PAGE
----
Register for events that get triggered if some other piece of code modifies your underlying value. In this case, we need to know about it so that we can update where the slider tick is located. If the event does not already exist, you may have to create a new event. One possible appropriate place is in Switchboard.cs

Guides

These are typically known as "stencils" in code but prefab names may still use the term "guide".
Key Classes involved
  • StencilWidget -> GrabWidget
  • WidgetManager
  • SketchControlScript
Creating a new Stencil / Guide
  1. 1.
    Make a copy of one of the stencil prefabs and rename it for your shape. The sphere is the easiest to work with in many cases.
  2. 2.
    Add your shape name to the end of the StencilType Enum in WidgetManager.cs. You may need to follow the recommendations about Enums.
  3. 3.
    Add your prefab and shape type (Enum) to the WidgetManager Stencil Map in the inspector.
  4. 4.
    Make a duplicate of the stencil script you used in #1 and rename it myNameStencil.cs
  5. 5.
    Replace the stencil script on your prefab to use the one you just created.
  6. 6.
    Open the GuideToolsPanel in Assets/Prefabs/Panels, duplicate one of the buttons and position it appropriately in the panel.
  7. 7.
    In the StencilButton component change the Description Text and Button Texture to something appropriate for your shape and change the type to your stencil type.
Question: What determines the distance at which the pointer will snap to the guide?
Answer: WidgetManager.m_StencilAttractDist. The code does this in WidgetManager.MagnetizeToStencils.
Question: How do you enable a stencil to be scaled non-uniformly (i.e. along a particular axis)?
Answer: See SketchControlScript.UpdateGrab_ContinuesTwoHands and implement GetScaleAxis and RecordAndApplyScaleToAxis.

Button Scripts

  • PanelButton: Opens a panel
  • OptionButton: Executes a command
  • ToolButton: Activates a tool
  • MultistateButton: Only used by Drafting on the Experimental Panel
  • ProfileButton: Only used by Profile on the Admin Panel
  • LongPressButton: Only used by the mirror tool

Pointers and the Input System

By @moat
For the input system there's this one scene Gameobject called a SketchControls:
This whole chungus of a gameobject sits in the scene and it's got like, nearly every bit of UI and management and widgety stuff.
It's like the player is already instantiated within the game to start with when you load the Main scene. There's a gameobject called the PointerManager:
This thing manages up to 10 cursors at once (although it can be set to handle more):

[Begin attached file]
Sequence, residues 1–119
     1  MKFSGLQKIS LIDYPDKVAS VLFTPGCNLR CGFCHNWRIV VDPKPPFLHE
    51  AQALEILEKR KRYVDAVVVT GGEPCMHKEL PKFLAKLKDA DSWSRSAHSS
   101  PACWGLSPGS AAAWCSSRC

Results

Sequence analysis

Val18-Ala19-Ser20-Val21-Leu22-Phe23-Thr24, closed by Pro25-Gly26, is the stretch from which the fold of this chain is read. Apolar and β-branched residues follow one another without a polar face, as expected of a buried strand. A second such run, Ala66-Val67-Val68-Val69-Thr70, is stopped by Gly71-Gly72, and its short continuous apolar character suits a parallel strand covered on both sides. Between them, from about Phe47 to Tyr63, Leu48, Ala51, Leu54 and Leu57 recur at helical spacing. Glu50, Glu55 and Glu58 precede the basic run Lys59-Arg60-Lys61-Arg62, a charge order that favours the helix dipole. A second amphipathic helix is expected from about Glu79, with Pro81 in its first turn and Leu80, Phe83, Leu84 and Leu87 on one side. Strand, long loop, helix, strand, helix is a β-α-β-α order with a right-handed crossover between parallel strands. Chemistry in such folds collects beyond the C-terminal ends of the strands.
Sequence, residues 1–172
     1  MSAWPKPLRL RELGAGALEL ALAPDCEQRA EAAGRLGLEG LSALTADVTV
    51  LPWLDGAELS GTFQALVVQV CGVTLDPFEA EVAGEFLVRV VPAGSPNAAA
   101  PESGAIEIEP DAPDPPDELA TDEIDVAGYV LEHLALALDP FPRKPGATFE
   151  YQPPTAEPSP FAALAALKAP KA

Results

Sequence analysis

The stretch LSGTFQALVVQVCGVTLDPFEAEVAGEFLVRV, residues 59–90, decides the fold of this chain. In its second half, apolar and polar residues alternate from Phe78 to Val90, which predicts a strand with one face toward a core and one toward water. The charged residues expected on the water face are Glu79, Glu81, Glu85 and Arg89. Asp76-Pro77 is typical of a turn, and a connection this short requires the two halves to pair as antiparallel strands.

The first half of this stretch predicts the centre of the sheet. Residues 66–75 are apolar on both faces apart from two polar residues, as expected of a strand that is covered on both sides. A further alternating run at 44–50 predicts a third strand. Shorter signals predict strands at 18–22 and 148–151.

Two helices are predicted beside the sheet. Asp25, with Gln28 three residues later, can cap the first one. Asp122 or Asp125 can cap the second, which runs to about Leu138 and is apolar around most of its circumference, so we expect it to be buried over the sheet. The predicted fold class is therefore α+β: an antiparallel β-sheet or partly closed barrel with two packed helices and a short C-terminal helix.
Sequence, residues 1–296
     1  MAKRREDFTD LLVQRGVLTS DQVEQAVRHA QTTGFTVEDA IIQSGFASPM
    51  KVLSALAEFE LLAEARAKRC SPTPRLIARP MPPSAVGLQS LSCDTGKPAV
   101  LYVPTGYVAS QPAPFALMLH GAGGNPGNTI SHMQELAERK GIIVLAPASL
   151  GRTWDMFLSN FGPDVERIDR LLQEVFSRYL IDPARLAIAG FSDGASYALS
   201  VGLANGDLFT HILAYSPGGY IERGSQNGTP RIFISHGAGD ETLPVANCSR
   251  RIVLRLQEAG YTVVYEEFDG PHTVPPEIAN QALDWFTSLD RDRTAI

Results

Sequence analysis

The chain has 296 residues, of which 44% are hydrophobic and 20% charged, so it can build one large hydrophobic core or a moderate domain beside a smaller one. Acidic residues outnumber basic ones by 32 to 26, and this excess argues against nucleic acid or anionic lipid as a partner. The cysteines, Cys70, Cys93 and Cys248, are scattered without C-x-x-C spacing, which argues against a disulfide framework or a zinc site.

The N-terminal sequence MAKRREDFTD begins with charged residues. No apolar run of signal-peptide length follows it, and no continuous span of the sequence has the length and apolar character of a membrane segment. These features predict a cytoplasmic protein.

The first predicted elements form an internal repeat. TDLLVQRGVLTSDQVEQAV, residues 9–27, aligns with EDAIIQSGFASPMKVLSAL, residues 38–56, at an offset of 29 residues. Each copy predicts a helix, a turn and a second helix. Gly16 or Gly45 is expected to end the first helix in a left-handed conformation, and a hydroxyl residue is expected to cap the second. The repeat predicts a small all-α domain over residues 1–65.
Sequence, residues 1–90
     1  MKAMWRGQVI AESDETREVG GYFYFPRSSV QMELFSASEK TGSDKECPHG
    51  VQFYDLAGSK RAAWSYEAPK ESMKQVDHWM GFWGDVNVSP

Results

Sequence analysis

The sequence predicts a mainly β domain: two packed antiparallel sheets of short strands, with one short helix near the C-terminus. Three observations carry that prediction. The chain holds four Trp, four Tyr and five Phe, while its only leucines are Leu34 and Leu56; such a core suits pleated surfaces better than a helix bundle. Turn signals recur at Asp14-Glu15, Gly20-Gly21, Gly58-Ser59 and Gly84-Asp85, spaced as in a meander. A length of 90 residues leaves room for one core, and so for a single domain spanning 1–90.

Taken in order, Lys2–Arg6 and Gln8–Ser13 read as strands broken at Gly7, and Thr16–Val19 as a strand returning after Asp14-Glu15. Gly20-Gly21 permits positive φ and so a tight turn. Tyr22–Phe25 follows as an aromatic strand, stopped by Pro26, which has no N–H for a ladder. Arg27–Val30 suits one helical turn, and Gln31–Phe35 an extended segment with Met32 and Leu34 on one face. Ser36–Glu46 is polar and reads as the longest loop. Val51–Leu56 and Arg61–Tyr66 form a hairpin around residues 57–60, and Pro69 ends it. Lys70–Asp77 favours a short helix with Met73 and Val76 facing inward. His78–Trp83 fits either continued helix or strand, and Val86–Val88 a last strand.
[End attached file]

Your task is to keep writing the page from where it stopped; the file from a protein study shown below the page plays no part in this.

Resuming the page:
Brushes are attached to cursors, and when you do anything with your controllers, it drives the Main Pointer Prefab.
The reason they have multiple cursors is for things like multibrushes that make multiple brushstrokes appear simultaneously when you drag out a stroke
Pretty much every tool you switch between is sitting on a script within one of these gameobjects parented to SketchSurface:
When you switch tools, it activates one of these objects and deactivates the others
Much of the magic occurs within the FreePaintTool
It's the star of the show, being the thing that makes happy little trees appear and happy little clouds.
What most tools have in common is UpdateTool()
This is like their main interaction loop. At the start, the inputmanager states are captured into variables to be used throughout the rest of the update loop:
(rather than re-calling the same inputmanager functions again and again and again)
The Wand is your non-dominant hand, the Brush is your dominant hand controller and performing the controller-tap gesture (lightly tapping the handles together) will swap these controllers.
This BrushTrigger bit handles the actual trigger press:
m_brushTrigger is just a boolean that becomes TRUE when the trigger is pressed beyond the threshold while the BrushTriggerDown variable becomes true only during the update tic when the trigger has been pressed and brushTriggerRatio is a value mapped from 0->1 depending on how far that analog trigger has been pulled.

The Model Import UI

ReferencePanel.cs is the media library script.
LocalModelButton has got a method RequestModelPreloadInternal but it isn’t called on the local media panel - only on the Poly panel. If we want to make local media behave more like the the Poly panel then we should go through PolyPanel RefreshPage to understand what it's doing and take the relevant parts and add them to ModelPanel RefreshPage.

Importing 3d models

The code that does the actual work is in models.cs. A typical call stack goes:
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RequestModelPreloadInternal (LocalModelButton.cs)
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LoadFullyCoroutine (models.cs)
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LoadModel (models.cs)
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CreatePrefab (models.cs)
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This presupposes you’ve instantiated model class. An example instantiation might look something like:
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var model= new Model(Model.Location.File(path));
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Once you have a valid model you need to spawn it into the scene. Look at SpawnValidModel in ModelButton.cs
Example code to synchronously load a model:
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public void TestImport(string filename, Vector3 position, Quaternion rotation)
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{
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path = Path.Combine(App.MediaLibraryPath(), "Models", path);
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var model = new Model(Model.Location.File(path));
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model.LoadModel();
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var tr = new TrTransform();
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tr.translation = position;